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How to Minimize Holiday Stress with a Newborn

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Having a baby in the fall or winter is the sweetest. Cozy snuggles, the cutest little fuzzy outfits, and no guilt whatsoever on gloomy days spent entirely indoors, nursing by the fire. But for parents welcoming a baby in the colder months, an already stressful time of year can be even more so: the holidays. If you’re riding out this holiday season with a big belly or a new baby, read ahead for tips on keeping your whole household calm and cozy well into the New Year.

Keep It Simple

There is so much pressure in our society to have it all together, especially during the holidays: the artfully decorated home, the always-smiling children, the perfectly-plated Christmas dinner. This is your formal invitation to let all of that go, this year. Be gentle with yourself and soften your expectations. Why does your home need to be decorated to the nines, when you’ll be staring at your beautiful baby the whole time, anyway?

You may be known to your family and friends as the most thoughtful gift-giver or the one with the most creative holiday cards. Give yourself full permission to take this year off. No one is going to fault you for not landing anything in their mailbox this year. If you know you still want to send something, think about how to gift your loved ones with something simple. Send a e-card or a gift certificate. No one expects you to be hand-crafting gifts this year, so go easy on yourself!

Think about your family’s traditions that are most meaningful to you. It might be a Thanksgiving walk through the woods, picking out the tree together, or a sweet ceremony for lighting the Menorah. How can you simplify or modify those traditions this year? You may have to delegate roles you normally fulfill or find a new tradition altogether this year. You might not be up for cutting down your own tree, but you can find a farm stand closer to home to support this season. Think of this year as the perfect time to develop Plan B traditions, making any busy years ahead easier with simplified traditions to pull from.

Prioritize Self-Care

Even if you’ve had a baby before, there’s no way to predict how you’ll be feeling during your postpartum time. You might spend Christmas morning on the Maternity unit. You may have sore stitches, leaking breasts, or a baby in the NICU. When planning for the holidays this year, it’s important to prioritize self-care. Gift yourself nipple cream instead of makeup. Hire a postpartum doula to help take care of you and your whole family. Bookmark your favorite take-out menus, and stock your freezer with easy to reheat meals.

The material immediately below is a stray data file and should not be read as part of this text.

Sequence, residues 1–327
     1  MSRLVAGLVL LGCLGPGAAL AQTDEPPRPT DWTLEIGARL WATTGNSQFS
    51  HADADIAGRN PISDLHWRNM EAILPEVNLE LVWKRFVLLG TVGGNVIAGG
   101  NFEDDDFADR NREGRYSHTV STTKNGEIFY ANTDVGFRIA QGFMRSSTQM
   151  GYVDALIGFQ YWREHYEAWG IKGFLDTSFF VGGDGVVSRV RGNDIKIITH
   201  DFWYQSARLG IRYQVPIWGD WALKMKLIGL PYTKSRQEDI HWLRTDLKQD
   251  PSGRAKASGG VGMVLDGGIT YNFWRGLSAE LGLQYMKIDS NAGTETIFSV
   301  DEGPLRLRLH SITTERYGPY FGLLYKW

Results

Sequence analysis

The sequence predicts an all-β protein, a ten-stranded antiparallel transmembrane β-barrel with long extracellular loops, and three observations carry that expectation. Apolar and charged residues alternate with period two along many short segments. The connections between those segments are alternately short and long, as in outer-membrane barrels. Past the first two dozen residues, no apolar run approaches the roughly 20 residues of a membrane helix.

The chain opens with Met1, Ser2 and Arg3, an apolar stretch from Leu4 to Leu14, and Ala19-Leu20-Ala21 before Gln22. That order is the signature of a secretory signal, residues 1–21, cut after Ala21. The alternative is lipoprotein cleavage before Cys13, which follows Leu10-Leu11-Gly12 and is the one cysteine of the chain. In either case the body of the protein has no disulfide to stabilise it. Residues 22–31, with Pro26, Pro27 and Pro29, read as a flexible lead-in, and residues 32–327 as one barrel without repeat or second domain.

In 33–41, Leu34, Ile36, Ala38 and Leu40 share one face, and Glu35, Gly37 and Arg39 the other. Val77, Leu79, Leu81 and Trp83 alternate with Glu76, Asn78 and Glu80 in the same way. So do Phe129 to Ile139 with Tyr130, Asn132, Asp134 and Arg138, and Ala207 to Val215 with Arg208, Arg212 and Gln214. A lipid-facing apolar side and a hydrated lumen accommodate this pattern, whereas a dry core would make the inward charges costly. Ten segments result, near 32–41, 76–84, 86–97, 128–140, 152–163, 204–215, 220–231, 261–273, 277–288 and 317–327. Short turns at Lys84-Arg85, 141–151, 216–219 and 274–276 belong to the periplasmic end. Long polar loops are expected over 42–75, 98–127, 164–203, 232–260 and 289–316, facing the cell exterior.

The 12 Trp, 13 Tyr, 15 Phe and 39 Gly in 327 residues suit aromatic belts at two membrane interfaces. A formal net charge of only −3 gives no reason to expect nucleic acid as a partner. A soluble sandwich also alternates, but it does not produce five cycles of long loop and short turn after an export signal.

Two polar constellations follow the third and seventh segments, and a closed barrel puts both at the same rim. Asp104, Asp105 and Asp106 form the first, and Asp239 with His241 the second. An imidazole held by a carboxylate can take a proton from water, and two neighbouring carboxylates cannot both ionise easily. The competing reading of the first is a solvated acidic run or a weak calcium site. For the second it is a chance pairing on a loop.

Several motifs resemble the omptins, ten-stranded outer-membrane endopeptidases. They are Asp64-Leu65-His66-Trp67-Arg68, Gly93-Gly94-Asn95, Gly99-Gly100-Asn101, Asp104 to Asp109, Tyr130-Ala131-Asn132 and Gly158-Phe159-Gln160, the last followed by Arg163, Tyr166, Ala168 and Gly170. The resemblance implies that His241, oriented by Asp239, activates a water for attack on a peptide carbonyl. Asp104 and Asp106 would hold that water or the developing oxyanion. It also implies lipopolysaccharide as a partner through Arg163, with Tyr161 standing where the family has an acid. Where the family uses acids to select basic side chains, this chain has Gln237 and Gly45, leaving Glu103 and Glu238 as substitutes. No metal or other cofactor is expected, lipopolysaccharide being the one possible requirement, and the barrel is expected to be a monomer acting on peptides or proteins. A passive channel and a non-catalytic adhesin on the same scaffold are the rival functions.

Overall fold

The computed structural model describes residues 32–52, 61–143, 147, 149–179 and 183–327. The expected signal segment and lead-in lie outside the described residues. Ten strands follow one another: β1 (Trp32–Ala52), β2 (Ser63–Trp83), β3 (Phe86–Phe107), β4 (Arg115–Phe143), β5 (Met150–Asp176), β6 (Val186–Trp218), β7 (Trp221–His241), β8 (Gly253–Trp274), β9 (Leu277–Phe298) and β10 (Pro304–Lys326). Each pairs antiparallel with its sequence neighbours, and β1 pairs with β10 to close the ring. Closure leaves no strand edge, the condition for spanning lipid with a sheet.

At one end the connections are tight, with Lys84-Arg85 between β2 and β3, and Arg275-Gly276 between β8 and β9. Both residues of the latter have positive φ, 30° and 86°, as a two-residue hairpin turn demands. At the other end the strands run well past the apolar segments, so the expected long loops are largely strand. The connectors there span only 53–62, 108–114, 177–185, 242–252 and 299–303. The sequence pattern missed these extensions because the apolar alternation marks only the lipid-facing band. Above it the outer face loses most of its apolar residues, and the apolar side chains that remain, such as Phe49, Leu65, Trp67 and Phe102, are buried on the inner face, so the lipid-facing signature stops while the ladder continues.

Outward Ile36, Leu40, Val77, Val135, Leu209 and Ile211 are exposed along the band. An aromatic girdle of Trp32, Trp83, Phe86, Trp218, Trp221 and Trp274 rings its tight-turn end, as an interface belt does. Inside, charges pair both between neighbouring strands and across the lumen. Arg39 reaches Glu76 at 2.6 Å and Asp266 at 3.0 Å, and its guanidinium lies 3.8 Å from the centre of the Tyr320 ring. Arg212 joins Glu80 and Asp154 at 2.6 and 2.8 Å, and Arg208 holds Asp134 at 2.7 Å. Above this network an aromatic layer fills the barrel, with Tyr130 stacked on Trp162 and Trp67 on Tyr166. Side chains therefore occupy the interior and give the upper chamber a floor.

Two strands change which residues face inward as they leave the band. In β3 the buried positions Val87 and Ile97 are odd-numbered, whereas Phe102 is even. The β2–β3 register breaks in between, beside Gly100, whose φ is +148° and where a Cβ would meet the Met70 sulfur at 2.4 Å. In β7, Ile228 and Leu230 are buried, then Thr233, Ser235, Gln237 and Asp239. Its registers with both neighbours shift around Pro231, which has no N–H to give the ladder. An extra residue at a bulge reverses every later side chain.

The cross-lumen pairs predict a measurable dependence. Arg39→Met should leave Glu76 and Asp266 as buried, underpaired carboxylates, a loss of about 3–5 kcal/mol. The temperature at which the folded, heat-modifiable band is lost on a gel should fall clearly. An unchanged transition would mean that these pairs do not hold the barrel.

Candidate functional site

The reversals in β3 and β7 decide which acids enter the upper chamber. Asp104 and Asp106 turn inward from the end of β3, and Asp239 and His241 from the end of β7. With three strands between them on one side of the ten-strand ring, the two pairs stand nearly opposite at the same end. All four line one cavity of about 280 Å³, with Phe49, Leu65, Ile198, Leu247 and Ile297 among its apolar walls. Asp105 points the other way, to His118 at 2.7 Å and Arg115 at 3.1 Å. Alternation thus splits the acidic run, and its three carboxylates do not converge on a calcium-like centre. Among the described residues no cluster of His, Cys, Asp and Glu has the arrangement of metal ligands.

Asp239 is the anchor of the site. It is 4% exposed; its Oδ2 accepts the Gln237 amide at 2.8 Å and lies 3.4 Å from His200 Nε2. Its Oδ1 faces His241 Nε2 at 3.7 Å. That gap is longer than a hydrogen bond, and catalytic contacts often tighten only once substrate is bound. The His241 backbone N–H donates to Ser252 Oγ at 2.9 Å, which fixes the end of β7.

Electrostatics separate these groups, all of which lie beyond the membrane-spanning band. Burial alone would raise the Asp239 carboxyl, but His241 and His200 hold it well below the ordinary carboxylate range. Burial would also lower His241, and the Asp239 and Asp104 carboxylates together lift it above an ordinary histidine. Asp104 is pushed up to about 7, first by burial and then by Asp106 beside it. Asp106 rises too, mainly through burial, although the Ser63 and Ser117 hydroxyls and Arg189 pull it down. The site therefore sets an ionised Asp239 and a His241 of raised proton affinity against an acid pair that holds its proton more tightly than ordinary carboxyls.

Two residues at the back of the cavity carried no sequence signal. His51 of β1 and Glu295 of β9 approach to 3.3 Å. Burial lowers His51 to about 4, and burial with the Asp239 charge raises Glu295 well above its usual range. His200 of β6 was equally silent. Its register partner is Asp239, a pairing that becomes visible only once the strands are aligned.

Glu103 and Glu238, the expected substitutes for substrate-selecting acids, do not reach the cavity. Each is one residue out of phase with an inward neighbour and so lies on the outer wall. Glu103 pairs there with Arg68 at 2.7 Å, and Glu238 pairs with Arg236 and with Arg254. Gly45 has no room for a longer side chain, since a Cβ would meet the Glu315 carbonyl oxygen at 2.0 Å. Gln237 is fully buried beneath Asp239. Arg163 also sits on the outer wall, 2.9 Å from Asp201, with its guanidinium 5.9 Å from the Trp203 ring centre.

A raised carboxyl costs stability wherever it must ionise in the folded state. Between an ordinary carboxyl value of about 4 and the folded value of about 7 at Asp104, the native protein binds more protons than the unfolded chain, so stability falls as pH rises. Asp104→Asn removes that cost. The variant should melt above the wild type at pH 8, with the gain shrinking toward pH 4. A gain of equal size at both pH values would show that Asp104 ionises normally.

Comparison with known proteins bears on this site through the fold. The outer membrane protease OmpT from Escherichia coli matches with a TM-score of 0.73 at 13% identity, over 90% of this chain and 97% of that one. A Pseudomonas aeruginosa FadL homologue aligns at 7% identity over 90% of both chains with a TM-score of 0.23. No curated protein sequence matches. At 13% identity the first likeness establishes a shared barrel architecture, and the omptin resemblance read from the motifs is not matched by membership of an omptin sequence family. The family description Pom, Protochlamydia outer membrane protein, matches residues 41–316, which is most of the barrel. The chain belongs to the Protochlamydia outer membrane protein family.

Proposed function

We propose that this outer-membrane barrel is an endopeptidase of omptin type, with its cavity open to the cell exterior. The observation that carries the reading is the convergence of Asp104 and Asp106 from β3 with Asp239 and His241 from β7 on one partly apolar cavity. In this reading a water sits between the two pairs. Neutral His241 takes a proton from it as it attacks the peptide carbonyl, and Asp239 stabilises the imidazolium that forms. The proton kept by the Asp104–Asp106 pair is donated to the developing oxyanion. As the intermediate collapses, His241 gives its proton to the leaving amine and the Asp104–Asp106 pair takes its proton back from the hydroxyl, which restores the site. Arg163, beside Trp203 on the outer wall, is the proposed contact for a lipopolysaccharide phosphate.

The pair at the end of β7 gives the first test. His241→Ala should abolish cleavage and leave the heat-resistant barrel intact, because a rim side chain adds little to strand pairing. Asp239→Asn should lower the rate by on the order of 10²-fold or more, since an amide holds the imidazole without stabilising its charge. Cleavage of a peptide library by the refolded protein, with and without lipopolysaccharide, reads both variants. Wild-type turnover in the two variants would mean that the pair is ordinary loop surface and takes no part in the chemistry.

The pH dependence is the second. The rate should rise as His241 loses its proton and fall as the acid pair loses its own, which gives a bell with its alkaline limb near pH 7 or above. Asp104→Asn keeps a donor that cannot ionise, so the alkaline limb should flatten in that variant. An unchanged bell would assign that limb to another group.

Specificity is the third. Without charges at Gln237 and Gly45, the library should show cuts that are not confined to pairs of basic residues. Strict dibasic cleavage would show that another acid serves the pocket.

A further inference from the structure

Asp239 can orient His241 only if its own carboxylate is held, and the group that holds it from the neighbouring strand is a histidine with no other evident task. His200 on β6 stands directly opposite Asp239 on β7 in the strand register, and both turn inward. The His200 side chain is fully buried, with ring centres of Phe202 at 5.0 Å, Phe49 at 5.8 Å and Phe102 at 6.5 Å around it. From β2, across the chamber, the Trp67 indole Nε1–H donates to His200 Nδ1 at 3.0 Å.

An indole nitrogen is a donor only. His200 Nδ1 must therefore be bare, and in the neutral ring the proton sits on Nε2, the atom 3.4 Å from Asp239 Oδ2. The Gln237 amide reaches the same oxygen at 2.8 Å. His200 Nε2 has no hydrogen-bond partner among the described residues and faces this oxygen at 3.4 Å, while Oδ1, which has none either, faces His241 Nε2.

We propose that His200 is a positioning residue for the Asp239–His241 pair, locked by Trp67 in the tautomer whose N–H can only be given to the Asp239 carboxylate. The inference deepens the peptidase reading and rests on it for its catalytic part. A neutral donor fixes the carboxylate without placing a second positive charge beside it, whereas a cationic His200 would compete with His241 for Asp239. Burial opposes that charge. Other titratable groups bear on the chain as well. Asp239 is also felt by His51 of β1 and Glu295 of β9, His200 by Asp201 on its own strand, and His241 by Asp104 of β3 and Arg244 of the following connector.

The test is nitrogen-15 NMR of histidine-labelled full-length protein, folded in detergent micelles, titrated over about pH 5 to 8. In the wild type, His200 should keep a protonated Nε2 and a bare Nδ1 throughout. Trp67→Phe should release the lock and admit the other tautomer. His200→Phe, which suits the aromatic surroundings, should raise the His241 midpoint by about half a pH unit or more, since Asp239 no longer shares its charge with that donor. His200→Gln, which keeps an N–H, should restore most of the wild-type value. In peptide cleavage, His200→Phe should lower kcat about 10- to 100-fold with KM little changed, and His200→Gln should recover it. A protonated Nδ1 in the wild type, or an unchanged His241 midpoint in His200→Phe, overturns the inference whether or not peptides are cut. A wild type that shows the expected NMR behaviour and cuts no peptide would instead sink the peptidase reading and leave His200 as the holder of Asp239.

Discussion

This is the perfect year to snuggle up and watch all of those sweet holiday movies you normally don’t have time for. Stretch out the joy of Christmas morning by taking a family nap break halfway through. And don’t waste one thought on whether or not you need to stay up for the ball dropping on New Year’s Eve – get your rest and trust that if it’s meant to be, your baby will wake you up at midnight, anyway.

Speaking of New Year’s, when you have a new baby, keep your resolutions simple. How about a goal to practice gratitude every day? This is not the season to be making fitness or career goals. Table those for next year.

Plan Ahead for Support

Does your pediatrician have a doctor on-call, even on the Christmas morning? Will your newborn care specialist be available for overnights on New Years Eve? Seek out these answers ahead of time so you don’t find yourself stranded for support during the holidays. Most medical and lactation offices have limited hours during the holidays. If possible, make appointments ahead of time.

Maybe your extended family normally gets together for a special dinner. Can you ask for a meal train instead? Place a cooler on your porch and your loved ones can take turns dropping off simple meals for the whole family. Placemats and fancy china can hang out in the closet this year. Focus on what’s most important instead: fueling your healing body with nourishing foods.

Remember What Really Matters The holidays are meant to be a season of reflection, gratitude, and rest. Try to keep that in perspective as you plan for what your holiday season will look like this year. You don’t need a ton of gifts to wrap or an extravagant lights display. This year, get back to the roots of the holiday season by focusing on family bonding time. Stock up the pantry instead of the gift wrap. A relaxing holiday playlist and a spruce-scented candle go a long way to infuse your home with holiday cheer. Don’t stress about missing garland, mama.

Give yourself permission to let go this season: of obligations, expectations, and to-do lists. Family traditions won’t fall apart if you skip them this year. In fact, you may find that in simplifying your holiday celebrations, you’ll develop new family favorites to be incorporated in years to come. So snuggle up with that sweet baby and know that any material gift pales in comparison to that bundle of joy in your arms!